available to a mass market of users that expect technolo-
Avatars gies to adapt to them, not the other way around.
Looking ahead, the need for localization may soon Not long ago the perceived wisdom, and the out-
need to extend to the body language of avatars used in put of many futurologists both scientific and creative,
customer service and other applications. was that IT would accelerate global homogeneity—

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particularly when it came to consumer behavior. The Gokhale, K. and S. Kumar. 2010. “RIM Averts BlackBerry Ban in
India With 60-Day Security Test.” Bloomberg, August 30.
paradox is that as IT services have become more stan- Available at http://www.bloomberg.com/news/2010-08-30/
dardized and ubiquitous, so has the belief that IT should rim-averts-india-blackberry-ban-as-government-tests-security-
modification.html.
and can adapt to the way we live and work. Indeed,
products and services that fail to adapt to the situations Kirk, J. 2010. “Ballmer Calls for Clearer European Privacy, Data
Rules.” ComputerWorld, November 4. Available at
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The reason? Users decide it is easier to live without for_clearer_European_privacy_data_rules.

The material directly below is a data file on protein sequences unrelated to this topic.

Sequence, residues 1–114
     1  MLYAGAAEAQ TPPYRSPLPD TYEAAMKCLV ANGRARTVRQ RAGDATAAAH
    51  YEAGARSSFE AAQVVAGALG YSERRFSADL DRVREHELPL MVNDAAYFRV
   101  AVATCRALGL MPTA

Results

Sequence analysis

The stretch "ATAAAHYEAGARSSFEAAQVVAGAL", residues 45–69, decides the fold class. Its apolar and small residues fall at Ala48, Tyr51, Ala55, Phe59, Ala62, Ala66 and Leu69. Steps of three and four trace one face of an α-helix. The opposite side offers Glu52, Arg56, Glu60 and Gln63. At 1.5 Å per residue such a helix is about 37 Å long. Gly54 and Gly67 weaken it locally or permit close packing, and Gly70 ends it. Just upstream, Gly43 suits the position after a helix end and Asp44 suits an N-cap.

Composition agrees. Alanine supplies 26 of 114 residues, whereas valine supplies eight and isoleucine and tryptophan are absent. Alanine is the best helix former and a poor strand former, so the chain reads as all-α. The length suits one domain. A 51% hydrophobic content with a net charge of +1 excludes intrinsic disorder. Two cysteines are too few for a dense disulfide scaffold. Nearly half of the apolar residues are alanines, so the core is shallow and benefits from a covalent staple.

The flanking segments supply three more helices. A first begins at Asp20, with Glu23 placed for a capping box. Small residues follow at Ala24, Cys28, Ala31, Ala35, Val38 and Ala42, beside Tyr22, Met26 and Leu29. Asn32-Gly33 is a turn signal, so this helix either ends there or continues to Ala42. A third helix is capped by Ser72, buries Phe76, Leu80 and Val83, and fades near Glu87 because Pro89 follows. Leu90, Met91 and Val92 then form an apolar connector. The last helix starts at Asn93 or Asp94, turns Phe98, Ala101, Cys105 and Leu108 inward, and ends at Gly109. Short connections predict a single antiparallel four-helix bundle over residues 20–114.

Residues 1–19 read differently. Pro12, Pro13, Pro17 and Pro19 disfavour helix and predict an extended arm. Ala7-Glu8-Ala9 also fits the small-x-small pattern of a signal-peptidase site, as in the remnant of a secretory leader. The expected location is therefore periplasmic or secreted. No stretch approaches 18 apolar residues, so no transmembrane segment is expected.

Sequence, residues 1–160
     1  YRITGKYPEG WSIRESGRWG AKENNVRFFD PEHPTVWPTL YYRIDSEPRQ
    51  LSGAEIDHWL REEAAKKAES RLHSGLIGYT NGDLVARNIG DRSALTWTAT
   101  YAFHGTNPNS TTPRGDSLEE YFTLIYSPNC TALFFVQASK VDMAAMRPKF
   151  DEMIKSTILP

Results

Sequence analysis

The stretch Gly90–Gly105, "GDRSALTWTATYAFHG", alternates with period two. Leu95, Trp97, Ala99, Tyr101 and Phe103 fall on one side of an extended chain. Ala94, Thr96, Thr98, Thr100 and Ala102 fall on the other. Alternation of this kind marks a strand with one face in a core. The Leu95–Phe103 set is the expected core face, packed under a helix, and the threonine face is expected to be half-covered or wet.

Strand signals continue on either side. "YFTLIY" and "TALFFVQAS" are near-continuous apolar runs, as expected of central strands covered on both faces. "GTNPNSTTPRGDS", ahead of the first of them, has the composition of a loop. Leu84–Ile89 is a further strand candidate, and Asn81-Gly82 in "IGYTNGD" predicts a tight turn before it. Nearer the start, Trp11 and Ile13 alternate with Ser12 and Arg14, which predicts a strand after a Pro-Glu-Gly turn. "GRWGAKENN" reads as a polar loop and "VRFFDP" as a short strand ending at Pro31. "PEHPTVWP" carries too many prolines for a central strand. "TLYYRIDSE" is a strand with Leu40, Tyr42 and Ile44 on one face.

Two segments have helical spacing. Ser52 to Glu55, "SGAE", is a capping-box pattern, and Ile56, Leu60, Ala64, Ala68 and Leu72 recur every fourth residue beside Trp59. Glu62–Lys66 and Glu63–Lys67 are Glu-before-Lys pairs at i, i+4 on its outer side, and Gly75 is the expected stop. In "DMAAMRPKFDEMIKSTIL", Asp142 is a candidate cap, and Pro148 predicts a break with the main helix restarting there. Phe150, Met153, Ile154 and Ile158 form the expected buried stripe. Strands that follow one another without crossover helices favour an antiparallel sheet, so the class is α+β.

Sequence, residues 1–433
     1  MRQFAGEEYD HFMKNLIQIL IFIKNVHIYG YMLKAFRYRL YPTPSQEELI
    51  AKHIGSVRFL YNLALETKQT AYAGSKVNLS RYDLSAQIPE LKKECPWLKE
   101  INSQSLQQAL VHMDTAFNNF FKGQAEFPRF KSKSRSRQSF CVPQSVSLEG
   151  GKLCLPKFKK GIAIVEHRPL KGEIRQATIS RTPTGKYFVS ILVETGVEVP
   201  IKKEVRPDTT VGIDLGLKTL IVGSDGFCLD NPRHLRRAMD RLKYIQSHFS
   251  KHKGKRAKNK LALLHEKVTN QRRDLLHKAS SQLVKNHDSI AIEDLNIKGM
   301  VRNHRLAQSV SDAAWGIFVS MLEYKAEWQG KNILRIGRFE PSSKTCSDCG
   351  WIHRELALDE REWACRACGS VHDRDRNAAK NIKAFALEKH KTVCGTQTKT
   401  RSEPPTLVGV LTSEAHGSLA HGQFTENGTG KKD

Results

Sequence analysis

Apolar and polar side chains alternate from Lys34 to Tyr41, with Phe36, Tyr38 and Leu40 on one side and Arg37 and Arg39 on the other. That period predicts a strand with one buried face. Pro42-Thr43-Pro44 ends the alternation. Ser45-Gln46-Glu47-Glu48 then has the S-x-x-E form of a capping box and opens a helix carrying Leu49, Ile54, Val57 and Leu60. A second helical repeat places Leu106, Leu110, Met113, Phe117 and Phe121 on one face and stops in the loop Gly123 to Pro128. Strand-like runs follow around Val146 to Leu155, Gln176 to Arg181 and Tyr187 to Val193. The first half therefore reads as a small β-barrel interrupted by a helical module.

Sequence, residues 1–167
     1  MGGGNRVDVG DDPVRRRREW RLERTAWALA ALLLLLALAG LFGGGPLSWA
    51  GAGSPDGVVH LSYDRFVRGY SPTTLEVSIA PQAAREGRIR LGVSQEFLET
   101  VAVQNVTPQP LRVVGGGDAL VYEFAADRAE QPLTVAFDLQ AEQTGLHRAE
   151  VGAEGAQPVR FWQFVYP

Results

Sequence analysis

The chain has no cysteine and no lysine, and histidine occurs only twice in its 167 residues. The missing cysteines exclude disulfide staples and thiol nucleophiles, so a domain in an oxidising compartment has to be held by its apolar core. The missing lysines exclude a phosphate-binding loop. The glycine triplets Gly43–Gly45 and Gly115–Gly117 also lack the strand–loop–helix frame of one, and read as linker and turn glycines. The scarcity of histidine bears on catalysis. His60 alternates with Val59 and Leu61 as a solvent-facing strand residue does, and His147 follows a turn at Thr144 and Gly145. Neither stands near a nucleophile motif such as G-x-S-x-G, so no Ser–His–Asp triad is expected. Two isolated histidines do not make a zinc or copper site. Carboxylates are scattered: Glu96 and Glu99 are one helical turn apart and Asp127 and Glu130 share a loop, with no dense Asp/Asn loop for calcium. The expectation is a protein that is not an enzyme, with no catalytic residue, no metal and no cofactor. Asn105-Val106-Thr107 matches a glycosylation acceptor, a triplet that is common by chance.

them. Microsoft. 2009. “Microsoft Expands Cloud Computing Capabilities &


Services in Europe.”Microsoft Press Release, September 24.
The empires of the past waxed and waned based
Available at http://www.microsoft.com/emea/presscentre/
on their ability to impose themselves on or adapt to the pressreleases/DublinDataCentrePR_240909.mspx%5C.
many cultures over which they held sway. This chapter Opera Software. 2010. “Generation Y Chooses the Mobile Web.”
concludes that the longevity of the Internet-fueled Opera Press Release, November 24. Available at
http://www.opera.com/press/releases/2010/11/24_2/.
consumer empires of the 21st century will similarly
depend on their ability to adapt to different cultures, and Perry, T. S. 2007. “The Laptop Crusade.” IEEE Spectrum, April.
Available at http://www.spectrum.ieee.org/apr07/4985.
that this will in turn be dictated by their willingness to
Sagani, K. 2010. “Secrets of the Data Stream.” Engineering &
adopt localization 2.0—a broader localization strategy Technology 5 (15): 28–9.
than is the norm in the ICT industry today.
Stevenson, A. 2010. “Tesco’s Leahy: Build Businesses in Emerging
Markets, Not Empires.” The Financial Times, November 22.
Available at http://blogs.ft.com/beyond-brics/2010/11/22/
tescos-leahy-imperialistic-approach-doesnt-work-in-em/.
Notes
1 The BRICS are Brazil, Russia, India, China, and South Africa. Wagborn, D. 2010. “Not App-y: Israelis Irate Over iPad Ban.” Sky
News, April 16. Available at http://news.sky.com/skynews/Home/